Paige Railey isn’t the only sailor in her family. She’s not even the only Olympian. Brother Zach, who got his start in the sport a few years ahead, is a 2008 silver medalist in the heavyweight dinghy. And then, in London, the two got to walk together at the Opening Ceremony, while the rest of the family cheered them on.
This year, though, Paige is the only Railey competing in Rio. Today, she’s racing in the laser radial — a small (and fast) one-person boat that requires her to do everything herself—competition in Rio de Janeiro’s Guanabara Bay.
The 29-year-old, who took second in the world championship event earlier this year, has been named sailor of the year in the past. Her family is so close that Zach and Paige, along with Paige’s twin sister, own a high water company out of their Florida home base. And when she’s not selling sandbags or buckets for sailing, training for the Olympics, or raising money, Paige competes in Ironman triathlon just for the fun of it — even when it means having to recover from a devastating bike crash.
Paste caught up with Railey between training trips to Rio.
How does someone even get into sailing in first place?
My dentist recommended to my parents to do a ‘learn to sail’ program, a summer camp, when my brother was eight, and Zach fell in love with it. I was five years old at the time and I have a twin sister too, so we had to wait three years to join the program.
How do you go from there, from a summer camp, to being really competitive? Do you have to buy your own boat as an eight-year-old?
No, no, the club had boats for us, which was great. Then we used hand-me-down stuff for a long time.
There really is a path set out in front of kids, so they start in the same boat and they have alternatives, they can do the solo or with another person, when they get too big or too old for the beginner boat.
And you decided you wanted to do the sailing alone?
Yeah, I decided to do the sailing alone thing. I tried it with my twin sister and it didn’t work out. I just enjoyed being in the boat all by myself, making decisions. I was eight years old, all by myself, in a boat alone, that’s pretty crazy. I really enjoyed that kind of freedom.
It sounds really hard to learn and there’s a lot of equipment. What’s the hardest part?
Sailing’s really one of those sports that if you want to be one of the best in the world you have to start at a young age, because you develop a type of an instinct. It’s like gymnastics; I could never join gymnastics at my age now and become one of the best in the world. Your body needs to develop for it. Your mind really needs to learn how to read wind and current. When I’m sailing there are a lot of things that come natural to me.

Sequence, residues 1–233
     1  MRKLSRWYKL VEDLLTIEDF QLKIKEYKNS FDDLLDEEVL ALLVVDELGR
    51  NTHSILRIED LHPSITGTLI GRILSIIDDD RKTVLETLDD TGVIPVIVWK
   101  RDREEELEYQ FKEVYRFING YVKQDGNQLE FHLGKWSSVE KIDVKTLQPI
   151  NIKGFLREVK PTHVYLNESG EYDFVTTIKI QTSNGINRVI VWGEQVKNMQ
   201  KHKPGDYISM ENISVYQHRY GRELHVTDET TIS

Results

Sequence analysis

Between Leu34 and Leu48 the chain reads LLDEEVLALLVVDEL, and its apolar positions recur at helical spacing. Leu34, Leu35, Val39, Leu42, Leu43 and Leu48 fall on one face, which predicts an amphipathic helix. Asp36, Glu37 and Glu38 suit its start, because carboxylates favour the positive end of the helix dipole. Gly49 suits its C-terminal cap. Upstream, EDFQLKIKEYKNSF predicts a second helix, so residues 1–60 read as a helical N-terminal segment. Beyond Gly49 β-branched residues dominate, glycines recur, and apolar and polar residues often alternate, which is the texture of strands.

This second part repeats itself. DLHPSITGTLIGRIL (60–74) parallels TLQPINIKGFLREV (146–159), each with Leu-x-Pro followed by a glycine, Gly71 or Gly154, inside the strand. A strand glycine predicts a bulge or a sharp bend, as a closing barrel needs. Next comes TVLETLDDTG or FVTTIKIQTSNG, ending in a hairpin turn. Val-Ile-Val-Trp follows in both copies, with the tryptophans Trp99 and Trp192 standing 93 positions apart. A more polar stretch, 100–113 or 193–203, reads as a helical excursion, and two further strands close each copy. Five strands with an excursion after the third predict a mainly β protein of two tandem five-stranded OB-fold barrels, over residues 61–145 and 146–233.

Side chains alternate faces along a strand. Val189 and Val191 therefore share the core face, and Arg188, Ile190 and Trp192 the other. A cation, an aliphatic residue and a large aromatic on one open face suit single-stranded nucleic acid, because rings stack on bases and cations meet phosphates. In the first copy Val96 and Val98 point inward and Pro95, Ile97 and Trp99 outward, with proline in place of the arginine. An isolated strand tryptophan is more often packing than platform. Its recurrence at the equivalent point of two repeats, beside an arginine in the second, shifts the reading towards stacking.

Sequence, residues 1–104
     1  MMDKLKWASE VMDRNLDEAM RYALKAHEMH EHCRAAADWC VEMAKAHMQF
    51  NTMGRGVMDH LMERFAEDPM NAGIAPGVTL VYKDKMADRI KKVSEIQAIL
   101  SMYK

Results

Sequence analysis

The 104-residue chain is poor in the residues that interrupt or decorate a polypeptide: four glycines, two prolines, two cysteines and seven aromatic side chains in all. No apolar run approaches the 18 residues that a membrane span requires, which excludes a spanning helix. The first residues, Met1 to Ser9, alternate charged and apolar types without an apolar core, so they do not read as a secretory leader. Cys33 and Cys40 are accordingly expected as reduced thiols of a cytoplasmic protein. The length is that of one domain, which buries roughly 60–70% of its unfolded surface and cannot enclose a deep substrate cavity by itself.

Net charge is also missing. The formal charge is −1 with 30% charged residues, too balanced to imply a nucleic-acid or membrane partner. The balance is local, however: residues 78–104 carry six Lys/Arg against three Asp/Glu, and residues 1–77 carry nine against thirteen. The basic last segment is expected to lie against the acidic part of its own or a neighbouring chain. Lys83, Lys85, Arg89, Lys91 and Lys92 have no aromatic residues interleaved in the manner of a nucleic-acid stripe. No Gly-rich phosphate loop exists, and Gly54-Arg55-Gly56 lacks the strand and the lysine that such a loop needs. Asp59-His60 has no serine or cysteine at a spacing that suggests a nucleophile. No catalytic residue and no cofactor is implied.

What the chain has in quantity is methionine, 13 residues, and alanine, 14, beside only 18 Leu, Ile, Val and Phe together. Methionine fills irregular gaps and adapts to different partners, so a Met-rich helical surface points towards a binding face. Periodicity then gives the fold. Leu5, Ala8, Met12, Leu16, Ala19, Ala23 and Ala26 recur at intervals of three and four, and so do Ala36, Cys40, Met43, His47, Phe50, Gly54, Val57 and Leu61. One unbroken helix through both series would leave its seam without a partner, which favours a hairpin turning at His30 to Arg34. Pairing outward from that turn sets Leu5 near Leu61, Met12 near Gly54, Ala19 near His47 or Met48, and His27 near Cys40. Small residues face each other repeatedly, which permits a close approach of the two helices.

You could take me out onto open water and I can read patterns on the water, see the way that wind is flowing. I can read the water; I can read waves. There’s a natural instinct inside of me that’s really like a sixth sense that comes from doing it for so long.
There’s this perception that sailing’s not really a sport. What is your response when people say that to you?
Well, it’s funny, because we get “sailing’s not a sport.” And then we also, I’m a female, and you know how people are with females in sports too. So it’s like a double whammy.
Actually, I heard a statistic in the last Games that sailing was the #2 hardest sport behind equestrian. The best way I describe sailing, because it’s such a long event, six days long and at the Olympics it’s actually eight days: It’s like doing a triathlon while power-lifting and playing chess at the same time.
It’s really an integration of all these different sports. I’m going out on the water for five hours at a time. Each one of my races can be an hour to an hour-fifteen, and I’m doing that over a six day period. So I’m having a steady endurance heart rate, but at times I really have to put a lot of power into my boat. And then, all the while I’m thinking about wind, boats, tactics, strategy, how am I going to get around the course. And that’s just one day of sailing. Then I have to go to sleep, wake up, and do it again the next day.
Physically, there are times when my body is so exhausted it hurts to sleep at night. My temperature’s high, my legs are hurting. It’s hard even to get to bed.
People usually have to see videos or photos to understand. Because a lot of people misinterpret it with yachting. I don’t yacht. I’m not a yachter at all. I’m a sailor.
What is the training like for that? Do you sail every single day?